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Remember to remember

You can make a statement against hate crimes in our community and affirm that an individual’s sexual orientation doesn’t diminish his or her humanity by attending the second annual Service of Remembrance.

Originally conceived as a memorial to Matthew Shepard, a gay college student who was murdered in 1998, the service now stands as a recognition of all lesbian, gay, bisexual or transgendered people who have been killed or attacked simply for being themselves.

This year’s service will be hosted by former Sacramento Mayor Anne Rudin and attended by local politicians and clergy of many faiths throughout Sacramento. A reception following the service will feature panels from the Names Quilt and a nationally touring photo exhibition titled, “Love Makes a Family: Lesbian, Gay, Bi-sexual and Transgendered People and their Families.”

The service will be held at 5 p.m. Sunday, Oct. 15, at St. Francis Church, 2500 K St. All are welcome to attend this event to remember those who have suffered and to proclaim an end to hate.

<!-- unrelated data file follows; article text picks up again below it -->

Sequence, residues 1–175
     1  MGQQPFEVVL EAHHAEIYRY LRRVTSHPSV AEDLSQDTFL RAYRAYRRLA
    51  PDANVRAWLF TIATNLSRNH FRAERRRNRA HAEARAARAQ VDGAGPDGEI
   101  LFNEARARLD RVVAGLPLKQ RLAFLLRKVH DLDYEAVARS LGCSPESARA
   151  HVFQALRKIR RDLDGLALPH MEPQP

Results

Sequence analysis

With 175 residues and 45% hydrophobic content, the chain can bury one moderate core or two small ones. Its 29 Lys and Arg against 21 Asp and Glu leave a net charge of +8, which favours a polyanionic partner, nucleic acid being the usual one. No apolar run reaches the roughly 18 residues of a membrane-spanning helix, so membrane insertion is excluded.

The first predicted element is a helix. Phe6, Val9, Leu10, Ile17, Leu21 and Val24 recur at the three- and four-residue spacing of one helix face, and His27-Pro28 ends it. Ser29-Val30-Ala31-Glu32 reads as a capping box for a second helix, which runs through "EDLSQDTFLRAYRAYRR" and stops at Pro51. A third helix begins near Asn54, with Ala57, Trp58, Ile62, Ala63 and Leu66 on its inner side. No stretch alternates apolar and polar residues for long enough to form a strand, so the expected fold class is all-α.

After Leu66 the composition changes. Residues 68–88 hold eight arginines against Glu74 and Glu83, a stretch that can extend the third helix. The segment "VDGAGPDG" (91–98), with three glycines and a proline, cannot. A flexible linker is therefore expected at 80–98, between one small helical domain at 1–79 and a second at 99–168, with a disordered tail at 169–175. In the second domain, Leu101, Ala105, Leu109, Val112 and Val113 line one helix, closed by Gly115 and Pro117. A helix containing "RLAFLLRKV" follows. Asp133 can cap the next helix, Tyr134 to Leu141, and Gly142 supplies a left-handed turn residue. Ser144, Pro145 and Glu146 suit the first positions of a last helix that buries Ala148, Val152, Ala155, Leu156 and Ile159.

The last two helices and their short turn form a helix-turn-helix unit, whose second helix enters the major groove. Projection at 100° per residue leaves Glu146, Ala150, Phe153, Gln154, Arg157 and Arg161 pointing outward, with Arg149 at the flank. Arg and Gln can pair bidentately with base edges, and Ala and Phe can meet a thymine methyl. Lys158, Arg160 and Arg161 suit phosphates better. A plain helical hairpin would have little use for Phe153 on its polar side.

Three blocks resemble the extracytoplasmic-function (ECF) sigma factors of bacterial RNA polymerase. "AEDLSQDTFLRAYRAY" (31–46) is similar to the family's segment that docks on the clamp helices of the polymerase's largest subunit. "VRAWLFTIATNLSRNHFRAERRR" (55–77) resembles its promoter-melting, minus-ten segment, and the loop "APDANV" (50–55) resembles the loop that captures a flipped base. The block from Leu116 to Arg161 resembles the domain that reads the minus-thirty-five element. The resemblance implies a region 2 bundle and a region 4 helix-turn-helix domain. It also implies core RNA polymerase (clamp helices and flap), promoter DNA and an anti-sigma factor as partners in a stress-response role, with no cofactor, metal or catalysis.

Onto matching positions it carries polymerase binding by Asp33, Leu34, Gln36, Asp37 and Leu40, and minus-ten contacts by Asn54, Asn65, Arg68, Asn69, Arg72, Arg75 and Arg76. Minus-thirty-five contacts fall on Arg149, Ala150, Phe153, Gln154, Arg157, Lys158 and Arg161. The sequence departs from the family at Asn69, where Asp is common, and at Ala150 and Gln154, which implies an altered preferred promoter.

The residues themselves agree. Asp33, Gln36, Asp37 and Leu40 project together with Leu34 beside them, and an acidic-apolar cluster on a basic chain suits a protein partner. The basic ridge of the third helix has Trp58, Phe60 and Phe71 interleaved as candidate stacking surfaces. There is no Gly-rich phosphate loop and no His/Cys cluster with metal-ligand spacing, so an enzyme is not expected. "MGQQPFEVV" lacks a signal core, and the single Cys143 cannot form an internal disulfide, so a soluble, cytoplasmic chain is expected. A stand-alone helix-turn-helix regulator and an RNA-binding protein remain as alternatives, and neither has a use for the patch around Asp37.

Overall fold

Breast cancer hope

If you’ve recently been diagnosed with breast cancer, a new study could possibly spare you unnecessary surgery and provide researchers with valuable information that could advance the ability to fight the disease.

The American College of Surgeons Oncology Group, a clinical trials cooperative group of the National Cancer Institute, is taking important steps to find a less invasive means of determining whether breast cancer has spread beyond a woman’s breast.

Currently, surgeons remove 15 to 30 lymph nodes from under the armpit area to determine whether the cancer has spread. About half of the women who go through this procedure experience complications, including infection, shoulder stiffness and numbness and swelling of the arm.

To decrease complications, researchers are looking at removing and testing for cancer only the sentinel lymph node—since it is the first node to which cancer is likely to spread. In more than 80 percent of the cases, breast cancer is detected before it has spread to the sentinel node.

Researchers are looking for women who have recently been diagnosed with breast cancer, but who have not had surgery on the lymph nodes of the armpit. This is an ongoing study at the UC Davis Medical Center, one of only two institutions in the state to participate in the national study. To participate or for more information, call 734-5900 or toll-free (800) 362-5566.